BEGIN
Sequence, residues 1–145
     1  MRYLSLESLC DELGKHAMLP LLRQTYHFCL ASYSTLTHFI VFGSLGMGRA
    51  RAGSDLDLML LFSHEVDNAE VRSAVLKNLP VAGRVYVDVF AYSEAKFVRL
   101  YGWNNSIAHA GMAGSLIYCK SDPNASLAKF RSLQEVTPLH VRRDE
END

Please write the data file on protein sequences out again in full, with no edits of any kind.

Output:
Sequence, residues 1–145
     1  MRYLSLESLC DELGKHAMLP LLRQTYHFCL ASYSTLTHFI VFGSLGMGRA
    51  RAGSDLDLML LFSHEVDNAE VRSAVLKNLP VAGRVYVDVF AYSEAKFVRL
   101  YGWNNSIAHA GMAGSLIYCK SDPNASLAKF RSLQEVTPLH VRRDE